“It doesn’t matter anymore,” she said. “It just doesn’t matter anymore.”
She told me about her lifelong eating disorder, her struggles with her weight, and her overwhelming desire to be thin and beautiful.
After her death, all four of us children got something of hers. I got the candlesticks and the bulimia.
My cousin Rosie had always been far better informed than I was. In the summer of 1980, just before we turned ten, she spent a month with my family, and during that time she taught me how to dance, the right way to dress, and what sex was. (I had thought it had something to do with which public restroom you used.)
I was a quick study when it came to dance steps and why designer jeans were superior to little-girl dresses. But sex was a different story. Rosie was patient as she explained what men and women did together in the dark. She used the chalkboard in my room to draw multicolored diagrams explaining how babies were made. I followed along, interested but unable to see how any of this was relevant to me. Then Rosie dropped the bombshell: “We,” she said in a professorial voice, “came from sex. From our parents doing it, you know?” She raised one eyebrow and smiled a knowing smile. Suddenly her lecture topic had gone from an academic subject to something naughty.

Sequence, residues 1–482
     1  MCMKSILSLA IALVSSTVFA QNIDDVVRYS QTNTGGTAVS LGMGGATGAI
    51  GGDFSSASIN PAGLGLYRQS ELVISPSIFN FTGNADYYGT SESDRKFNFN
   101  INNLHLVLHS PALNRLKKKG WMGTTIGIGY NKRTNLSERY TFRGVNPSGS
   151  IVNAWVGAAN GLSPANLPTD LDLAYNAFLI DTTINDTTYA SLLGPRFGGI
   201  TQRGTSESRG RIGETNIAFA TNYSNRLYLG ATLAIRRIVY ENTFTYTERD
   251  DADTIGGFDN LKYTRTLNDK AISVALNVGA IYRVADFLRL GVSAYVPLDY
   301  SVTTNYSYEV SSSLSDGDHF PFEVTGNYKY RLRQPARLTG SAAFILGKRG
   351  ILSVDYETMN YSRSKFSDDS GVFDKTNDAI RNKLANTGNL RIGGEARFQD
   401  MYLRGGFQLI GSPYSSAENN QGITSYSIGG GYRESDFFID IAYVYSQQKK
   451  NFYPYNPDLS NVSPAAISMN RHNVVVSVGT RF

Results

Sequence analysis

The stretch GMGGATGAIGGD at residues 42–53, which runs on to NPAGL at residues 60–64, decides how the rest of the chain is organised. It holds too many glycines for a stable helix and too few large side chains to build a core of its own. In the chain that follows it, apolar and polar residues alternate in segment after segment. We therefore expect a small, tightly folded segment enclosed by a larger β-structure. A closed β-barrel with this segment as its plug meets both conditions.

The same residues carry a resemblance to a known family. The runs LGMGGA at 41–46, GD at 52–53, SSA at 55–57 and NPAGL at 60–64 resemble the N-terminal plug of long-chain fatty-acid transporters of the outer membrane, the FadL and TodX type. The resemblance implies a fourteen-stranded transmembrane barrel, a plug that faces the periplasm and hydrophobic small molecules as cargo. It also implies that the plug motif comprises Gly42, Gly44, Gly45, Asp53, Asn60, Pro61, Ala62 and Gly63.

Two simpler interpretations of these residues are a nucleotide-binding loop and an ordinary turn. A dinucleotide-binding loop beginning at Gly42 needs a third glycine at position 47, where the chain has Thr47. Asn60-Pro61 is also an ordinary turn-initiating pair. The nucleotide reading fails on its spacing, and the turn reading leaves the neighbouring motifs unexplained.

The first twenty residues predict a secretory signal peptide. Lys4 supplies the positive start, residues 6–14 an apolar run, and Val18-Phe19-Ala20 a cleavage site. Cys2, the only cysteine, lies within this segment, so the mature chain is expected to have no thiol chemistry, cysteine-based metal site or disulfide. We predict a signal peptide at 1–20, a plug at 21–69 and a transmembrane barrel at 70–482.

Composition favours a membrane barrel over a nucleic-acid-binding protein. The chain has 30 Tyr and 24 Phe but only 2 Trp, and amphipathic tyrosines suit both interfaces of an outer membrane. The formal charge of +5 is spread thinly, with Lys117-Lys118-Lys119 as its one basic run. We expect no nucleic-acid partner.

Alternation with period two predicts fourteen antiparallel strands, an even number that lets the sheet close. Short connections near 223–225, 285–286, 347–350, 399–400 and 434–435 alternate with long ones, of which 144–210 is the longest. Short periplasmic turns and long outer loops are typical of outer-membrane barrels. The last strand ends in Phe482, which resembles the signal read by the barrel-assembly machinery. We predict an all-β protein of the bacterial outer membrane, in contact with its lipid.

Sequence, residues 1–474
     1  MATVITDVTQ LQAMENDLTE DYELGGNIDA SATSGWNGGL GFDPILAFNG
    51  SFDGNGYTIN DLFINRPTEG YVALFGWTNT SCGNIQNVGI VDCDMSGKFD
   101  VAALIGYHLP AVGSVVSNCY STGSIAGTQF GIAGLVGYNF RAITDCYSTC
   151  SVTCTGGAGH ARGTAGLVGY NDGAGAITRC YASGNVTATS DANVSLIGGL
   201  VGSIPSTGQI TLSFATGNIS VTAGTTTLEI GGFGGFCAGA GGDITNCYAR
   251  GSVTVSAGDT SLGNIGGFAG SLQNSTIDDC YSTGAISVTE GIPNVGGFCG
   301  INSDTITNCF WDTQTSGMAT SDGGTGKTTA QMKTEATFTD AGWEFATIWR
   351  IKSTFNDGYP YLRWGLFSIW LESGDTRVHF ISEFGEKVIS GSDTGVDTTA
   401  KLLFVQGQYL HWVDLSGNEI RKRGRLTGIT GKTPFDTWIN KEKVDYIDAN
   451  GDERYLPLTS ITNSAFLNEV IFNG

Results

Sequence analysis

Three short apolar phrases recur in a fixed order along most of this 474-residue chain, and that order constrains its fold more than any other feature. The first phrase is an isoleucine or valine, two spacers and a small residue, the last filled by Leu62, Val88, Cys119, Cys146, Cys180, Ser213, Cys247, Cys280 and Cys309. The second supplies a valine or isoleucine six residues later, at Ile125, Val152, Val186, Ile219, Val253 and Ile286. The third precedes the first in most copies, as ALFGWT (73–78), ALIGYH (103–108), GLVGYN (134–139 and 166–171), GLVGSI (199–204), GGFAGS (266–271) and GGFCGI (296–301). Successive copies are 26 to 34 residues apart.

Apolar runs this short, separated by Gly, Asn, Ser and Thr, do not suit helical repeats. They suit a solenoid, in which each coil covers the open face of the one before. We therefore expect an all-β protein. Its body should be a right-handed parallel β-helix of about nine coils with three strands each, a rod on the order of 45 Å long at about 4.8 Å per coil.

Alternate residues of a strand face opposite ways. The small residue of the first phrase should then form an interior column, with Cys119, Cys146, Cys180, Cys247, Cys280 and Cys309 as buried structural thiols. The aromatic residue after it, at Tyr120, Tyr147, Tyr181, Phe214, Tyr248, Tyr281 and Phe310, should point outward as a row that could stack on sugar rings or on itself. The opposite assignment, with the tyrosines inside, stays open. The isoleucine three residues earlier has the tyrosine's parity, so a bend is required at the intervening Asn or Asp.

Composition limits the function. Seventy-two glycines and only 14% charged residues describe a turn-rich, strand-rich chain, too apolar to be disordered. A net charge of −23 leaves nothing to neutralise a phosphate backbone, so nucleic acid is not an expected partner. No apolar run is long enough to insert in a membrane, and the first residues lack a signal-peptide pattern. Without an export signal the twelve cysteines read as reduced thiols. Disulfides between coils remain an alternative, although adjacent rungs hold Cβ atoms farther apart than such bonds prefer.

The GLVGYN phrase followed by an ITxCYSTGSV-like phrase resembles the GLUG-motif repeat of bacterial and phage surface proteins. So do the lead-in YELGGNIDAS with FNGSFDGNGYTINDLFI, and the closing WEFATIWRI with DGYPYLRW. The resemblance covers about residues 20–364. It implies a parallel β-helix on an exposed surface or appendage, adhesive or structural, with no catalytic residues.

My parents? Mine? But they were Sunday-school teachers and went to PTA meetings and didn’t curse. The notion that they were having sex behind my back was unbelievable.
After Rosie had gone home, I confronted my mother as she stood at the stove making dinner one evening.
“Do you have sex? With Daddy?”
She smiled a kind smile and, rubbing her hands on a kitchen towel, led me to the table for the first in a series of long and revealing talks.